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Title:
Large-Scale Structure Tests of Warm Dark Matter
Authors:
Colombi, Stephane; Dodelson, Scott; Widrow, Lawrence M.
Publication:
Astrophysical Journal v.458, p.1 (ApJ Homepage)
Publication Date:
02/1996
Origin:
APJ
Astronomy Keywords:
COSMOLOGY: THEORY, COSMOLOGY: DARK MATTER, COSMOLOGY: LARGE-SCALE STRUCTURE OF UNIVERSE, METHODS: NUMERICAL
DOI:
10.1086/176788
Bibliographic Code:
1996ApJ...458....1C

Abstract

The nature of the dark matter critically affects the large-scale structure of the universe. Under the assumptions that the universe is spatially flat with zero cosmological constant and that primordial perturbations were adiabatic with a Harrison-Zeldovich spectrum, neither hot dark matter (HDM) nor cold dark matter (CDM) appears consistent with the observed large-scale structure. Warm dark matter (WDM) is an intriguing alternative from the point of view of both cosmology and particle physics.

We consider a one-parameter family of WDM models. The linear power spectra for these models is calculated and compared with the corresponding spectra for CDM, HDM, and mixed dark matter (MDM), as well as the power spectrum derived from observations. Our linear analyses suggest that a model universe dominated by a particle whose mass-to-temperature ratio mx/Tx is increased by a factor of 2 as compared with the standard HDM neutrino gives a reasonable fit to the data on large (>8 h-1 Mpc) scales.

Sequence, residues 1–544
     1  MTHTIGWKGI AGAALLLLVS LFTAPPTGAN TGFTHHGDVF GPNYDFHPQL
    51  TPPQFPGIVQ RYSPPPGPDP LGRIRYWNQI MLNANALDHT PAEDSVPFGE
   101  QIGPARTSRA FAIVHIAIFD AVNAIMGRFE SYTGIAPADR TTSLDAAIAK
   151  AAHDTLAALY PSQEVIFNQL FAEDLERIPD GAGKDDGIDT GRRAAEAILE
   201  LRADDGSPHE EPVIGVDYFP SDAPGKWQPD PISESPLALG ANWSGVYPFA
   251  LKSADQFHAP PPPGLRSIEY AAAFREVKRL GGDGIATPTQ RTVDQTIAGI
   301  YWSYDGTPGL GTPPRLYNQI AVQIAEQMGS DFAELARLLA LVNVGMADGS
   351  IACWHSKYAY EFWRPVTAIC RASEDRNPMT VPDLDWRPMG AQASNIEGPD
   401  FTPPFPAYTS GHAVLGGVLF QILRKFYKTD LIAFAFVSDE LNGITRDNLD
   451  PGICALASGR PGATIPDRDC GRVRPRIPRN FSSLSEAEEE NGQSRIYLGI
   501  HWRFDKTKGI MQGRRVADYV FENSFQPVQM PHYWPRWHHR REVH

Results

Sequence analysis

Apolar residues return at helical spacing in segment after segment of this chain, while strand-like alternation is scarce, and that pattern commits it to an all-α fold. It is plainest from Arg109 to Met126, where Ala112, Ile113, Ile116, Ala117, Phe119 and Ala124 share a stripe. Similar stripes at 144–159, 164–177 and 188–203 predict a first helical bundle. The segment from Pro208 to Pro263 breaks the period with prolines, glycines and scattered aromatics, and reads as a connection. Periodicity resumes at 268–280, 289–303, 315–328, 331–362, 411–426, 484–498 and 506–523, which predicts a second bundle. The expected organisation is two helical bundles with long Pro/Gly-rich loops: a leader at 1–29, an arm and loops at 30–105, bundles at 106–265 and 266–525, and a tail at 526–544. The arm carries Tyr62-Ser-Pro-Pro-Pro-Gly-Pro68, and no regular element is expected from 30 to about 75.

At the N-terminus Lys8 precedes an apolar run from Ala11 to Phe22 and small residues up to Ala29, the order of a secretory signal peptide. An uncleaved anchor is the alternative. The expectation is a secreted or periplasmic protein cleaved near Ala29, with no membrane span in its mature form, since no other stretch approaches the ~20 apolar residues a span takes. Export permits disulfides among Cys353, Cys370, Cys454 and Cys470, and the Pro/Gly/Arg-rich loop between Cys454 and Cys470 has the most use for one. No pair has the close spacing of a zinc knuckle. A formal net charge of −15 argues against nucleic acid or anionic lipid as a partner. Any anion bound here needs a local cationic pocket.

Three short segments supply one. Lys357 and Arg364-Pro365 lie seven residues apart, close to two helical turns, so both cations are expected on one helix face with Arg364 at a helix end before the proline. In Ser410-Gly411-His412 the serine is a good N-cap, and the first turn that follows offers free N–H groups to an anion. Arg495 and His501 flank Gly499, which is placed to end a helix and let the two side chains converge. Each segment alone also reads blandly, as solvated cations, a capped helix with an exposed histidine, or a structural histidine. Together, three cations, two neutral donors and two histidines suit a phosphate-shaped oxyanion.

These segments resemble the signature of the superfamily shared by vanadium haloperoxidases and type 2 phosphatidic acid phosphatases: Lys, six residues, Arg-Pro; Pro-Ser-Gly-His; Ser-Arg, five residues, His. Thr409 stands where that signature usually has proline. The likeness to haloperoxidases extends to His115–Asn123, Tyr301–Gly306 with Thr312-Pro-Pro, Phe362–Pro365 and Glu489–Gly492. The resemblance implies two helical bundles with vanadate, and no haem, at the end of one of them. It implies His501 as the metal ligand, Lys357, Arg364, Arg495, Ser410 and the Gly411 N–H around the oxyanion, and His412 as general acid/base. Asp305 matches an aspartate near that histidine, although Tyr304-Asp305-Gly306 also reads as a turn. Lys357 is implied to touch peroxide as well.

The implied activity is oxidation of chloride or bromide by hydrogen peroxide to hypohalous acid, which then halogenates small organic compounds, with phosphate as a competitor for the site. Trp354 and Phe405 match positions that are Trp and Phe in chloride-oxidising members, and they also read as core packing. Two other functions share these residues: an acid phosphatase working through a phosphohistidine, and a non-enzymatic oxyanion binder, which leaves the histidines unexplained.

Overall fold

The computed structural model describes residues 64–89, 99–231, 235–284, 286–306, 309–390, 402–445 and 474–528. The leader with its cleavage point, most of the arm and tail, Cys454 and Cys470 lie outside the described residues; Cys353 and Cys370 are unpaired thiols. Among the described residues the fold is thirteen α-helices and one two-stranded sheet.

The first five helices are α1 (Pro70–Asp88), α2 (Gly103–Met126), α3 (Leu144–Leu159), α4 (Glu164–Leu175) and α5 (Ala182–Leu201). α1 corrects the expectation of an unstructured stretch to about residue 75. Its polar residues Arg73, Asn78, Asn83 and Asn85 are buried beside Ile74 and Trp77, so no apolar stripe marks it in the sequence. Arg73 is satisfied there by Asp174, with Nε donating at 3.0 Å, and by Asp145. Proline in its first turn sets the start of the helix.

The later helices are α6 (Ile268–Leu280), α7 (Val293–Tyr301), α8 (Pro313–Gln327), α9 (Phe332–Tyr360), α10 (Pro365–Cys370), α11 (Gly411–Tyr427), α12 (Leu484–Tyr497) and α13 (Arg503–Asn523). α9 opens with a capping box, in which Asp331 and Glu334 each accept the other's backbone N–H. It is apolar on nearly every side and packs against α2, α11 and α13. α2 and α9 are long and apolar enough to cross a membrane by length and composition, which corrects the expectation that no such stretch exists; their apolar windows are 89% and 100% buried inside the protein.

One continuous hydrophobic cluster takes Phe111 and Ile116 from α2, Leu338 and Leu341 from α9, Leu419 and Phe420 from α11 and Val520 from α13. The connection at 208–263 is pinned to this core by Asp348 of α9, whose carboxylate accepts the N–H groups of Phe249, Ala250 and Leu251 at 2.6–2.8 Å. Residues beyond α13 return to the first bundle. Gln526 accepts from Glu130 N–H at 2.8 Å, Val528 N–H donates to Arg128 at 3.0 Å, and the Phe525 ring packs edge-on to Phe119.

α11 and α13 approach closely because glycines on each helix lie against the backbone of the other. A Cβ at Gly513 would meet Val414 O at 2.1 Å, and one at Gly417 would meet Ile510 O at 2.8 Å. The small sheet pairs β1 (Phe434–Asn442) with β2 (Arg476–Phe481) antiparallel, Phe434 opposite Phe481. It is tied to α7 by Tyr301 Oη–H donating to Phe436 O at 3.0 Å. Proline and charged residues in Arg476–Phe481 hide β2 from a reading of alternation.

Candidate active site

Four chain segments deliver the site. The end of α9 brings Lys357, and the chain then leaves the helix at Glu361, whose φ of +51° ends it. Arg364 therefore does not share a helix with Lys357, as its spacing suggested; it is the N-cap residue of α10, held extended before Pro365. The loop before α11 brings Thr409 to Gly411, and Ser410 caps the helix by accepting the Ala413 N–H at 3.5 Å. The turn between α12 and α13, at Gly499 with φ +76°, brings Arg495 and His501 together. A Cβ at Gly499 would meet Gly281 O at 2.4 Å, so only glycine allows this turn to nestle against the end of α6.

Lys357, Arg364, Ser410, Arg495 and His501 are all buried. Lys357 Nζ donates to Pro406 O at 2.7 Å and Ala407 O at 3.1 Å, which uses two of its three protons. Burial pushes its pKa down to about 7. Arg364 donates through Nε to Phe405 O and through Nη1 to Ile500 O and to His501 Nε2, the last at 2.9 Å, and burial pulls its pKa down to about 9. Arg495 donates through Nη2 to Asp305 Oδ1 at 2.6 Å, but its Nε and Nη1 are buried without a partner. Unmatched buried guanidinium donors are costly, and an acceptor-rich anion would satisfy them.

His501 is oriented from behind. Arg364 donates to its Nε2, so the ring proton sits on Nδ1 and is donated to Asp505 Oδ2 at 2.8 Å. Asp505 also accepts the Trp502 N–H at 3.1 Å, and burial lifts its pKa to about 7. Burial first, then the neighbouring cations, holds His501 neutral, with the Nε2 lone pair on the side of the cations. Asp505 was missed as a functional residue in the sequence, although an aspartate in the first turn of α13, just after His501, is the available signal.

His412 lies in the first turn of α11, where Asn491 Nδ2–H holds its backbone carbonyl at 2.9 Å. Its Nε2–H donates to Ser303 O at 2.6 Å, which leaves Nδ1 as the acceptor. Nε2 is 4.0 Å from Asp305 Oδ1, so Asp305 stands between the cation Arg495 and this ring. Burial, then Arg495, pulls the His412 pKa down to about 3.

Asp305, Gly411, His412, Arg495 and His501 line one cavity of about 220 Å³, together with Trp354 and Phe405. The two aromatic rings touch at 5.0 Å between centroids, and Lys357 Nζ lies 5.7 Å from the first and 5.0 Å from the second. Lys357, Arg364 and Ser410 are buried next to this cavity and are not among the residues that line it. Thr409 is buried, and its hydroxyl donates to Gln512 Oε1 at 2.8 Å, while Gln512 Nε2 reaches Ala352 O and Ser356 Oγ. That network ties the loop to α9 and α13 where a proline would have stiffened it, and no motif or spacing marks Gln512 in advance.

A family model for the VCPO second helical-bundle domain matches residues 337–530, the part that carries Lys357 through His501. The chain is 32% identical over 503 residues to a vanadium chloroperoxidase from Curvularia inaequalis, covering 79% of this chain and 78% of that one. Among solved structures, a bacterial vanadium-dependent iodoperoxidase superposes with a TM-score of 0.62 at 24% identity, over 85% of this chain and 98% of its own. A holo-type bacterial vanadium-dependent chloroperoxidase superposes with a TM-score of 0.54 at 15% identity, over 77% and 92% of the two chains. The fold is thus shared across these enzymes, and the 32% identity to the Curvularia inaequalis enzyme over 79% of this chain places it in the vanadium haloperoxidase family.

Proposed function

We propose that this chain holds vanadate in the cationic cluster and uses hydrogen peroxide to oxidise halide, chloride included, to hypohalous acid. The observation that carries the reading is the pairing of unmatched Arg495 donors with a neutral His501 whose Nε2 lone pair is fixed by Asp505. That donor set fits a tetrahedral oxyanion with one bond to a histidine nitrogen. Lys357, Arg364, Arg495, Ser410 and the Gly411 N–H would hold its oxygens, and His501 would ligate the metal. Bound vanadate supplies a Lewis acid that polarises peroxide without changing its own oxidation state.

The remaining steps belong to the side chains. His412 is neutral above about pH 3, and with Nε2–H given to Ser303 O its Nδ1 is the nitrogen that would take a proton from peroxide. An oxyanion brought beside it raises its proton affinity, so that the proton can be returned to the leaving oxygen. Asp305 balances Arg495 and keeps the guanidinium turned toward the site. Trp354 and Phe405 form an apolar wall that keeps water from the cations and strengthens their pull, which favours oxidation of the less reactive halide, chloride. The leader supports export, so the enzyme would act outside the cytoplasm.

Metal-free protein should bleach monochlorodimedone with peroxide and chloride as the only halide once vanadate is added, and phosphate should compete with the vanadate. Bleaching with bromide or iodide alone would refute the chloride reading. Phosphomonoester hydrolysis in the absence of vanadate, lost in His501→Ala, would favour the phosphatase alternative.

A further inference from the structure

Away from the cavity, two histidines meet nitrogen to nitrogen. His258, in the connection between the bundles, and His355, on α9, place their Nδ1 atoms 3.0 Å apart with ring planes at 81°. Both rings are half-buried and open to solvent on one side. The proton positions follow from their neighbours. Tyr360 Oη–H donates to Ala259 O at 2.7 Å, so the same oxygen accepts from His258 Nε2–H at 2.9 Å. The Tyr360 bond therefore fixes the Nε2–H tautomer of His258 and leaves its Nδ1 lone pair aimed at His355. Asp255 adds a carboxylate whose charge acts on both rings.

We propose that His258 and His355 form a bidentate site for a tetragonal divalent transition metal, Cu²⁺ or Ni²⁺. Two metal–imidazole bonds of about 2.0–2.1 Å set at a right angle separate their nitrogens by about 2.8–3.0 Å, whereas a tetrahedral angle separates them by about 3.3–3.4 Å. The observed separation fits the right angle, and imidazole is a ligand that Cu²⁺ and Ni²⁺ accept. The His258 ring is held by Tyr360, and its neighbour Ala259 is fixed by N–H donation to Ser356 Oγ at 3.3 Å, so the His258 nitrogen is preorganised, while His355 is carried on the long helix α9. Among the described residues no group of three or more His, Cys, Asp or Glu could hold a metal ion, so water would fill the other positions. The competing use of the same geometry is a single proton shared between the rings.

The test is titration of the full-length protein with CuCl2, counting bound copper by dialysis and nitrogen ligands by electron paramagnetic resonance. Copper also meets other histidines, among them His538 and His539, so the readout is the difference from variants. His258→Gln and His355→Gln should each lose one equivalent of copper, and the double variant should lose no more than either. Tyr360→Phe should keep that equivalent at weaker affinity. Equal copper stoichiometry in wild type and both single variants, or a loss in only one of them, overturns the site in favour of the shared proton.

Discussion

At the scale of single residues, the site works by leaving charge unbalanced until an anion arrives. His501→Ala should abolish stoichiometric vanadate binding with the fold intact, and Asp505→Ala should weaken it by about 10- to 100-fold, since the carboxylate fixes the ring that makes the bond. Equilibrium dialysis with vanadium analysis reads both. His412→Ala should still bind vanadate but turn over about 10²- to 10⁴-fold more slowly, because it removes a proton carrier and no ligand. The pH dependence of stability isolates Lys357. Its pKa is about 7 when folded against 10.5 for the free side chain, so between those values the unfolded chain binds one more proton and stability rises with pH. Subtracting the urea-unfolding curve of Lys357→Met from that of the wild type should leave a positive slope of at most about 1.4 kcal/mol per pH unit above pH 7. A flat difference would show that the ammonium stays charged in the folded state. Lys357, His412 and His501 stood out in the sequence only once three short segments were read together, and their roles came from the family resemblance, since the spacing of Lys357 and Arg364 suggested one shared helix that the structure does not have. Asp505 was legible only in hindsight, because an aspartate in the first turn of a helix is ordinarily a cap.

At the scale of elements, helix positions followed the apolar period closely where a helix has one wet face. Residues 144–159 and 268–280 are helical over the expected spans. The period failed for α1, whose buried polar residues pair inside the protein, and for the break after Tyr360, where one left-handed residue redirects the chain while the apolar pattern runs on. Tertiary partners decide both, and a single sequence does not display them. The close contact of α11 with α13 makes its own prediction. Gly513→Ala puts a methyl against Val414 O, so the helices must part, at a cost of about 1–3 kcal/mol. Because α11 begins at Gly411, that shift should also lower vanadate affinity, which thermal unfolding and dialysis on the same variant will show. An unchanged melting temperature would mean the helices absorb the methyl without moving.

N-body simulations for this particular WDM model show features of both HDM and CDM. As in HDM, the first objects to collapse are large pancake-like structures. The final matter distribution is rather smooth, and structures as small as galaxy halos are excluded. However, there appear to be virialized rich clusters evident in the CDM but not in the HDM simulations. Unfortunately, a simple comparison of the matter distribution and its statistical properties with observations indicates that WDM, like CDM, has too much power at small scales. This is particularly evident in the small-scale pairwise velocity dispersion. The cluster multiplicity function has the wrong shape, with too many rich clusters being produced, although this conclusion is based on the simple assumption that light traces mass in groups of galaxies.


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